Can sleeping early save you from heart diseases? Research tells of an optimal time to doze off

WION Web Team
New Delhi, India Published: Nov 09, 2021, 02:12 PM(IST)

Sleep clock (Representational Image) Photograph:( Others )

Story highlights

People who fell asleep at midnight or later faced a 25 per cent higher risk of developing cardiovascular disease, whereas those who fell asleep before 10 pm faced a 24 per cent increased risk

Research indicates there may actually be an optimal time to fall asleep. The sweet spot for dozing off, at least when it comes to heart health, appears to be between 10 pm and 11 pm; not too early and not too late.

Based on over 88,000 participants of the UK Biobank, a study has concluded that going to sleep at 10 pm or shortly thereafter reduces the risk of cardiovascular disease.

In spite of the study's findings, it cannot prove that early or late bedtimes increase cardiovascular disease risk. 
People's sleep patterns may also be affected by other health conditions or behaviours, such as staying out late and drinking, which may also increase their cardiovascular disease risk.

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Moreover, the study did not pay attention to the quality of the participants' sleep, only to its length and timing.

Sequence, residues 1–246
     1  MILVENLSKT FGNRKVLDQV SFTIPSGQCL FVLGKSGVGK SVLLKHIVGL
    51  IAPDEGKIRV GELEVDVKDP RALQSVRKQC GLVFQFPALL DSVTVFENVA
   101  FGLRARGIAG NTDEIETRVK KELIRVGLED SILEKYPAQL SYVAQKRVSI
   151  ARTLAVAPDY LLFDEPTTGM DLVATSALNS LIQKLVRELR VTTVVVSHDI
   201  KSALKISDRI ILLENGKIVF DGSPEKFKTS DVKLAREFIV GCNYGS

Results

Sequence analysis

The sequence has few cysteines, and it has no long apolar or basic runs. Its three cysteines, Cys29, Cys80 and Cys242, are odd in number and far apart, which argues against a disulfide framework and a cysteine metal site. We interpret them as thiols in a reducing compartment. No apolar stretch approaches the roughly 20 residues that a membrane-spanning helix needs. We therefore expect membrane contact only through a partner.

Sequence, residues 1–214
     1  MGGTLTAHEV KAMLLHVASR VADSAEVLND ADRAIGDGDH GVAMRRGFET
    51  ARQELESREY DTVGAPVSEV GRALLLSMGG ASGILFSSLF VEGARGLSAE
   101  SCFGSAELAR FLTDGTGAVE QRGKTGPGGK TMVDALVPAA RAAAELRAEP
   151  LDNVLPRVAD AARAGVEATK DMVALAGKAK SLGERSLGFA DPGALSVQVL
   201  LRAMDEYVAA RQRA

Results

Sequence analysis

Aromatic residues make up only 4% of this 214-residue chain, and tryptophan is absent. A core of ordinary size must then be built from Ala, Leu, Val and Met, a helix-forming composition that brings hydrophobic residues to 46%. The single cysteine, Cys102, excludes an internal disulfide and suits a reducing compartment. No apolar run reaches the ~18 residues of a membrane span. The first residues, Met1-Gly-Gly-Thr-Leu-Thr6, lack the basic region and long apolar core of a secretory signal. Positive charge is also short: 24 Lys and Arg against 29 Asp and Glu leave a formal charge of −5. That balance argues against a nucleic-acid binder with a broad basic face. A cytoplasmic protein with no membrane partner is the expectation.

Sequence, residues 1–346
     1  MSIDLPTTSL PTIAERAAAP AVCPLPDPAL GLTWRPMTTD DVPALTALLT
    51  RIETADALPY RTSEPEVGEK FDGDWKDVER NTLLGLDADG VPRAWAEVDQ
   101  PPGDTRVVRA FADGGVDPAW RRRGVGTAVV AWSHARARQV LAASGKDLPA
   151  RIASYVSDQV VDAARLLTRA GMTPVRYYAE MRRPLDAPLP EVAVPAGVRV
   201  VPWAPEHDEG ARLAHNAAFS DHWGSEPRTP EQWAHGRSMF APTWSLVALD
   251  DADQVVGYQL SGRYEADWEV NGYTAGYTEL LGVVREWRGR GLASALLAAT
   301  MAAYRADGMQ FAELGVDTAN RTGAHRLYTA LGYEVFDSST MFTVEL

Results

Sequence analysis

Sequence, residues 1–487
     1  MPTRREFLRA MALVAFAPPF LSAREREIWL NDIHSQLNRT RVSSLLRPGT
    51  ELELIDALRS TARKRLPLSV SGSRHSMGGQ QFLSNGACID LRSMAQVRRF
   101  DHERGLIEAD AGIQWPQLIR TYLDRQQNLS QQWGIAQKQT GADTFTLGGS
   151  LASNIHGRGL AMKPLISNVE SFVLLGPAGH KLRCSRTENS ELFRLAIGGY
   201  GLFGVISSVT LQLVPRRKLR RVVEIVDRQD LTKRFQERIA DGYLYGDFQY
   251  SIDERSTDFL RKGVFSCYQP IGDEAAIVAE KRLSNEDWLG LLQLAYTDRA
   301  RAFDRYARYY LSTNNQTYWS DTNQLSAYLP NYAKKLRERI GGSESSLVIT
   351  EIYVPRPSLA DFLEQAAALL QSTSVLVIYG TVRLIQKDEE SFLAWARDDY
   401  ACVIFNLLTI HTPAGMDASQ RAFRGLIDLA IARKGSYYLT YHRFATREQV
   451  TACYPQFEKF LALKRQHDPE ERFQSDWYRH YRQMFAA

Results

David Plans, senior lecturer at the University of Exeter and head of research at Huma Therapeutics, who co-authored the study, pointed out that an early or late bedtime could possibly prevent individuals from receiving important cues, such as morning sunlight, that reset the body's internal clock.

He explains that when the circadian clock isn't reset properly over a prolonged period of time, inflammation increases and glucose regulation is impacted, both of which can increase the risk of cardiovascular diseases.

The team then examined data gathered from wrist-based devices worn by participants for seven days to see if there was a correlation with the time that participants fell asleep.

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Taking various factors into account, including age, sex, smoking status, duration of sleep, irregular sleep patterns, diabetes status, blood pressure, and socio-economic status, the researchers found participants who went to sleep between 10 pm and 10:59 pm had a lower risk of cardiovascular disease.

People who fell asleep at midnight or later faced a 25 per cent higher risk of developing cardiovascular disease, whereas those who fell asleep before 10 pm faced a 24 per cent increased risk.

Those who fell asleep even an hour later had a 12 per cent higher risk of cardiovascular disease.

According to Plans, since they also took into account all of the more common cardiovascular risk factors, this association is clearly significant.

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More research is needed with more participants to examine the results, and there was not enough evidence to recommend a certain bedtime at this time.

He explained, however, that the study highlighted the importance of sleep hygiene or habits that contribute to a good night's sleep.

Lastly, Plans pointed out that people often assume cardiovascular disease is the result of physiological influences. In reality, circadian disruption has a substantial impact on the cardiovascular system.

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